“I use ‘disruptive’ in both its good and bad connotations. Disruptive scientific and technological progress is not to me inherently good or inherently evil. But its arc is for us to shape. Technology’s progress is furthermore in my judgment unstoppable. But it is quite incorrect that it unfolds inexorably according to its own internal logic and the laws of nature.”
A seminar with Kimberly Guiler, MEI Research Fellow and Ph.D. Candidate in Government, University of Texas at Austin. Moderated by Kristin Fabbe, Assistant Professor of Business Administration, Business, Government, and International Economy Unit, Harvard Business School and MEI Faculty Affiliate.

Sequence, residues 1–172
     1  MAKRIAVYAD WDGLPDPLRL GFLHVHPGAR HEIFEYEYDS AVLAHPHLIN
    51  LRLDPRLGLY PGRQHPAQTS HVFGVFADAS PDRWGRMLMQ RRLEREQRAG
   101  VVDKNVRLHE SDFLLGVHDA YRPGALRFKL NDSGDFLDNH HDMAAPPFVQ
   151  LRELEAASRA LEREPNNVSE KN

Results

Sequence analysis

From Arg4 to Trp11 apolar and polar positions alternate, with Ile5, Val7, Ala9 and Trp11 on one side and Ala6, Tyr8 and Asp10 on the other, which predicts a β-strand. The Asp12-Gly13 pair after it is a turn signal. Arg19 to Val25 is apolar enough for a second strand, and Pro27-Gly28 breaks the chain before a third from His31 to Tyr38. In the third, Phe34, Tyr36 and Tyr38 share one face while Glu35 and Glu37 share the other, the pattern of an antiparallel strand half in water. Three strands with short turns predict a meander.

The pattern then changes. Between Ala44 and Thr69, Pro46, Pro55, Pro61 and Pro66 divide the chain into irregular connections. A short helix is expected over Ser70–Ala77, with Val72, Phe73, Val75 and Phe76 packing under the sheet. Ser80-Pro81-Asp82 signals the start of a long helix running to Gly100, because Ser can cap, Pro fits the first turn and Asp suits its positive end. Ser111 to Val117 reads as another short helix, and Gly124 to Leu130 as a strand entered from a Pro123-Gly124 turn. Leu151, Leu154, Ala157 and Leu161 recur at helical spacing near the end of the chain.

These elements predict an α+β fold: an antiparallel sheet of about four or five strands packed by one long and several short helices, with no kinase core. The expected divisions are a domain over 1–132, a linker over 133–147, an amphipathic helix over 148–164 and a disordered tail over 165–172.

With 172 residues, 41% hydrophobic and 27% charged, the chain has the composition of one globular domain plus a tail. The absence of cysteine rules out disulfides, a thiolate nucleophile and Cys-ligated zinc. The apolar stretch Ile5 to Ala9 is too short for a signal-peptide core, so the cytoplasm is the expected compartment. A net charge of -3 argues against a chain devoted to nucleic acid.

Guiler's book project asks why some fringe political parties are able to build support beyond in-group supporters while others fail to do so. Empirically, the manuscript explores how the Justice and Development Party (AKP) and Peoples' Democratic Party (HDP) in Turkey, as well as Al-Nahda in Tunisia built diverse coalitions and, ultimately, moved from the Islamist fringes of society to the political core. But while the AKP in Turkey has maintained its alliance with mainstream voters for more than fifteen years, the HDP's support has declined considerably since the 2016 Turkish coup attempt and Al-Nahda lost to Tunisian politicians closely aligned with the ousted Ben Ali regime after only three years in power. She argues that the success of the AKP and HDP in Turkey and Al-Nahda during Tunisia’s first post-authoritarian election in 2011 sprang from the parties’ histories of political suffering under repressive political institutions that marginalized large segments of society. A history of imprisonment, exile, or torture enables politicians to credibly position themselves as representatives and protectors of the excluded masses. The victimhood-support relationship will be strongest at moments when voters are fed up with ruling politicians’ abuses of power and are willing to take risks in favor of state transformation.